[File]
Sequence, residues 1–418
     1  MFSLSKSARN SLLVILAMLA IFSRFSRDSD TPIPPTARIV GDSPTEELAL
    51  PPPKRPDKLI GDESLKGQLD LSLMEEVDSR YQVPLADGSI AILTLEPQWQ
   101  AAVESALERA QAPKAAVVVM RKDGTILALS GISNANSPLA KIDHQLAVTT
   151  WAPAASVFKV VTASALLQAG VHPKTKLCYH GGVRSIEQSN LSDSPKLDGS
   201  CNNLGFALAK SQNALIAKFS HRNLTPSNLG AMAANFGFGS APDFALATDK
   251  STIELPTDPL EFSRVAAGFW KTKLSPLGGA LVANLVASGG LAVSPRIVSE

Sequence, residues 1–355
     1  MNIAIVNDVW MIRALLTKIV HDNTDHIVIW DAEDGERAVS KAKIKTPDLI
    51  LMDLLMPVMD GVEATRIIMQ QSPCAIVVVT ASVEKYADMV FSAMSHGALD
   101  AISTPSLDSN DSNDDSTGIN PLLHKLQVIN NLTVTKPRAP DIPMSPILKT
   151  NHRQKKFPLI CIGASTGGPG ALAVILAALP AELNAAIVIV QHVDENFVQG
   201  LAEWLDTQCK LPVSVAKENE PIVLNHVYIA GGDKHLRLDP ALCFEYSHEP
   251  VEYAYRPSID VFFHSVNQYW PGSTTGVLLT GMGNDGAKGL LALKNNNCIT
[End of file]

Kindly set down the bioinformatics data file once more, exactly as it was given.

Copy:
Sequence, residues 1–418
     1  MFSLSKSARN SLLVILAMLA IFSRFSRDSD TPIPPTARIV GDSPTEELAL
    51  PPPKRPDKLI GDESLKGQLD LSLMEEVDSR YQVPLADGSI AILTLEPQWQ
   101  AAVESALERA QAPKAAVVVM RKDGTILALS GISNANSPLA KIDHQLAVTT
   151  WAPAASVFKV VTASALLQAG VHPKTKLCYH GGVRSIEQSN LSDSPKLDGS
   201  CNNLGFALAK SQNALIAKFS HRNLTPSNLG AMAANFGFGS APDFALATDK
   251  STIELPTDPL EFSRVAAGFW KTKLSPLGGA LVANLVASGG LAVSPRIVSE

Sequence, residues 1–355
     1  MNIAIVNDVW MIRALLTKIV HDNTDHIVIW DAEDGERAVS KAKIKTPDLI
    51  LMDLLMPVMD GVEATRIIMQ QSPCAIVVVT ASVEKYADMV FSAMSHGALD
   101  AISTPSLDSN DSNDDSTGIN PLLHKLQVIN NLTVTKPRAP DIPMSPILKT
   151  NHRQKKFPLI CIGASTGGPG ALAVILAALP AELNAAIVIV QHVDENFVQG
   201  LAEWLDTQCK LPVSVAKENE PIVLNHVYIA GGDKHLRLDP ALCFEYSHEP
   251  VEYAYRPSID VFFHSVNQYW PGSTTGVLLT GMGNDGAKGL LALKNNNCIT